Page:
Sunday, December 03, 2017


Why would Israel launch a preemptive strike against Assad when the multi-war has already crippled Assad's regime for a generation?

This is an odd position to have, I think, about Syria now:

Will Israel launch pre-emptive strike against Assad?

Sure, it would have been potentially good to take down Assad. Although I find the argument stronger for America because of Syria's role in killing Americans from Lebanon to Iraq than for Israel--because Assad kept the Israel-Syria border as quiet as the Vermont-New Hampshire border.

Although in part that quiet was because Assad had an active front in Lebanon through Hezbollah. I won't argue Assad was friendly with Israel.

Consider this:

Hezbollah has emerged as a big winner in the turmoil that has swept the Arab world since the uprisings of 2011 that toppled governments in several countries. It has fought in Syria and Iraq, trained other groups in those countries and inspired other forces such as Iran-allied Houthis waging a war in Yemen.

I think it is wrong to praise Hezbollah for building a great "army" that blends guerrilla and conventional warfare. They have a light infantry force that gained experience fighting light infantry.

If Israel has corrected the mistakes they displayed in ground warfare during the 2006 war with Hezbollah, Israel will rip through Hezbollah with a mechanized-airmobile assault well supported with precision fires from the ground and air.

And Hezbollah was bled badly losing over 2,000 killed in their Syria adventure. That's a large casualty toll for such a small "army."

So if Israel is planning a preemptive strike, it will be directed against Hezbollah in Lebanon, as I've long suspected they'd do. Especially considering Hezbollah has experienced maximum damage right now from the Syria multi-war.

And quiet diplomatic support from Saudi Arabia in recognition of joint interests would be nice (and no, Saudi Arabia is hardly about to recognize Israel to get Israel to hit Hezbollah. The Saudis aren't suicidal and it is in Israel's interest to take down Hezbollah).

And consider that Egypt, with the deadly threat of jihadis who have an ally in Gaza, has announced a major effort to destroy the jihadis in Sinai:

Egyptian President Abdel Fattah al-Sisi on Wednesday ordered his military command to use all force necessary to secure the Sinai peninsula within the next three months following a militant attack on a mosque that killed more than 300 people.

If Egypt is in on the anti-Iran effort in Lebanon, Egypt needs to be ready to deal with jihadis fleeing the Israeli onslaught. And recall that to move troops into Sinai above peace treaty levels, Egypt needs Israeli permission.

Yes, if Israel really wrecks the Iranian proxy Hezbollah in Lebanon, Iran will be able to build a new front against Israel in Syria. But then Assad has the old problem of inviting Israeli military attention if attacks against Israel take place across the Syria-Israel border. Assad's regime didn't like it before and they won't like it in the future.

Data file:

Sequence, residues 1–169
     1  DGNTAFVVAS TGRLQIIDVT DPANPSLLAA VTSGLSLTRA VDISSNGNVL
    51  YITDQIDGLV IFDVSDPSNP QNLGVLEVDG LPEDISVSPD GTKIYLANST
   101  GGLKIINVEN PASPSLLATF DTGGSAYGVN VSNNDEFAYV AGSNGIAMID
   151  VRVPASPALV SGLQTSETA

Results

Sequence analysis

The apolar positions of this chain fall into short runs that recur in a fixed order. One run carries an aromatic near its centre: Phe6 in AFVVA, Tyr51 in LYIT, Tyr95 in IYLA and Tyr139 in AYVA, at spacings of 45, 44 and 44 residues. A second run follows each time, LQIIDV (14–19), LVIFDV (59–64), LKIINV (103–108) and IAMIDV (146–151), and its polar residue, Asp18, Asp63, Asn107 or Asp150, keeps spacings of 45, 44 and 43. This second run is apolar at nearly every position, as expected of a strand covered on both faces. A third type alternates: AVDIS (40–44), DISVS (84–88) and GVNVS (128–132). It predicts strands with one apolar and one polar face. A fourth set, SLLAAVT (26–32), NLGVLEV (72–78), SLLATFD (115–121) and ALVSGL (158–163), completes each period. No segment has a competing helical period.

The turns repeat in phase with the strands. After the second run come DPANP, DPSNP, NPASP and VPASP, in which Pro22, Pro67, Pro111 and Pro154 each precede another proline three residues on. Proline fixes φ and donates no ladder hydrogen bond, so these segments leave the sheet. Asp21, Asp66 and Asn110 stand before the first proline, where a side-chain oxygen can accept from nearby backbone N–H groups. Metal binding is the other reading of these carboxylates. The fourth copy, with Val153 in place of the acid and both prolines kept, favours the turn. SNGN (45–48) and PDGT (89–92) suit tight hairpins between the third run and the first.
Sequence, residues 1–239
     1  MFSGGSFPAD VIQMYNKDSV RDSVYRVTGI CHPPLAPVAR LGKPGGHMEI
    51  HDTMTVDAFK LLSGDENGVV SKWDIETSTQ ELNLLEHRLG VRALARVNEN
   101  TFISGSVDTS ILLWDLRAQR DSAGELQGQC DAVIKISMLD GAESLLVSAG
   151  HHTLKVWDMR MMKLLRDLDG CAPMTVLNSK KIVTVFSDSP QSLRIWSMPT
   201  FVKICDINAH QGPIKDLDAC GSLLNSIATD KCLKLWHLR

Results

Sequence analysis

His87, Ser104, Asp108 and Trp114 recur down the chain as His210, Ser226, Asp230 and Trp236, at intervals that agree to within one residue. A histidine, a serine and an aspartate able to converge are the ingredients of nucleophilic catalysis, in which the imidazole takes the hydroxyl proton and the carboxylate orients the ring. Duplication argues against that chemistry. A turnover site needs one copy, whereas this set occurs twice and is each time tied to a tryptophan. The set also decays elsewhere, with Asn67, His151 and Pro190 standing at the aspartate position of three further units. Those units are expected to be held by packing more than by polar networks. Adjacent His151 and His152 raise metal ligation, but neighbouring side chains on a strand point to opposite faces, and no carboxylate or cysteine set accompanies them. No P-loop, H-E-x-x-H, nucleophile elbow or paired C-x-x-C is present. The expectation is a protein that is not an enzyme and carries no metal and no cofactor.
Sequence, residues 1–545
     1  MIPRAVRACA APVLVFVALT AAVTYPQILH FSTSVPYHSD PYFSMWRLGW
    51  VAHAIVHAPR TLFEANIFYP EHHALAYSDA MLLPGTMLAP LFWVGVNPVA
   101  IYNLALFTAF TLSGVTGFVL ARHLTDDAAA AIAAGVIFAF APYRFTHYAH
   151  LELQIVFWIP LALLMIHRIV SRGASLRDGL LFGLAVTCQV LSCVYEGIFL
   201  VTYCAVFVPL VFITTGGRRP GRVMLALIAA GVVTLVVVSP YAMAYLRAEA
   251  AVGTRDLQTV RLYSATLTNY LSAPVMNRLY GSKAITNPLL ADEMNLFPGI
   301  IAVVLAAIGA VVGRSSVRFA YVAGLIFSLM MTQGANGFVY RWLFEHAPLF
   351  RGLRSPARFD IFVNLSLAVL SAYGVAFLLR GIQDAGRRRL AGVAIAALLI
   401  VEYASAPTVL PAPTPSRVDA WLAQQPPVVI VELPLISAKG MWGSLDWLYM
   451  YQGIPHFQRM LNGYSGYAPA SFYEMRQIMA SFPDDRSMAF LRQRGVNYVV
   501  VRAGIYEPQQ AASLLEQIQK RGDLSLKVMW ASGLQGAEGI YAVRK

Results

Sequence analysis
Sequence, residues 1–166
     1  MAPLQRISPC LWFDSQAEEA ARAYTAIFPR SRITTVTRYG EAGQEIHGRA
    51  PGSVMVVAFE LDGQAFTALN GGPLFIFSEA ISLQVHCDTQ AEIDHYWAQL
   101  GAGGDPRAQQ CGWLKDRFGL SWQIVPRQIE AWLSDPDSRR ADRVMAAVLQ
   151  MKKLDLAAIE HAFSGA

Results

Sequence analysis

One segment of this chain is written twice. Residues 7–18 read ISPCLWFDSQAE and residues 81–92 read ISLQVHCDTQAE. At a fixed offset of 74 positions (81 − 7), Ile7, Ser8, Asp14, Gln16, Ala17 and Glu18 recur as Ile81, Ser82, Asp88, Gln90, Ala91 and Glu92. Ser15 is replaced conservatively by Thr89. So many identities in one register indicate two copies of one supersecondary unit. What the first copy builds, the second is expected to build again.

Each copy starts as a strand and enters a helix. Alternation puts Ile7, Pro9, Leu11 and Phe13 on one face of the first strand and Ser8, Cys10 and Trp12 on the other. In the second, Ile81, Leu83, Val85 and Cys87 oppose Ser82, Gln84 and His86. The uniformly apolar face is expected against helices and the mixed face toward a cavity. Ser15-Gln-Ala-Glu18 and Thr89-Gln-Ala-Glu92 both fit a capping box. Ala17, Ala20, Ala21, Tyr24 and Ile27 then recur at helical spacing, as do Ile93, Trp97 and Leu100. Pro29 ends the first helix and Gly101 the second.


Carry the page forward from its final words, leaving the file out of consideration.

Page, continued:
So if Israel is preparing a major offensive, the Syria angle is just a distraction from the real target. You can't hide a big mobilization and the only way to achieve tactical surprise is to have people believe your target is something other than your real target.

I'd look instead at Hezbollah in Lebanon as the target, which could be in the path of a multi-division Israeli raid that lasts weeks or even months to rip out the terror infrastructure of people and physical things in south and east Lebanon.

UPDATE: Israel doesn't want Iran in Syria and Lebanon, but kicking Iran out of Syria would be tough:

Israel must somehow block an Iranian presence from emerging. But if Iran is determined, Israel’s efforts will not be enough. Israel then must decide on a strategy for dealing with a strong Iranian force in both Syria and Lebanon while also avoiding a costly ground war.

Does this mean Israel does nothing effective and instead looks long range to ally with Saudi Arabia and Turkey against Iran?

But Turkey is not reliable as it has shown in the past. And Saudi Arabia is a tenuous ally at best over the long run given Islamist strength in Saudi Arabia.

Israel might avoid a costly ground war by treating an invasion of Lebanon as a giant raid that tears up Hezbollah as much as possible and then pulls back to the border fortifications Israel has built.

If Lebanon's government fills the vacuum in the south after Israel smashes Hezbollah and then withdraws, that's great. But if the Lebanese government can't do that, Israel has bought time while Hezbollah is rebuild at Iran's expense.

Which to me indicates that hitting Hezbollah in Lebanon is the best way to at least restrict the Iran threat to Syria.

And if Assad wins, he'll eventually want Iran out lest his country become a larger version of Lebanon. (And if Assad falls, the Sunni majority won't want Iran there.)

UPDATE: Ideally, this weaponry enables the Lebanese army to take over full sovereignty of southern Lebanon if Israel rips apart Hezbollah with a massive raid:

The arms package aims to give Lebanese troops an edge against Islamic State (IS) fighters and other militants massing in the country’s northeastern border region. It is provided through a train-and-equip fund used to build up foreign militaries that has allowed the United States to continue to arm its Middle East partners even as the Trump administration seeks to curtail foreign military support traditionally handled by the State Department.

It's not actually that much money involved. And it is insufficient to give the Lebanese army an edge over Hezbollah.

Unless Israel rips apart Hezbollah in a giant raid into Lebanon, reaching all the way to Baalbek.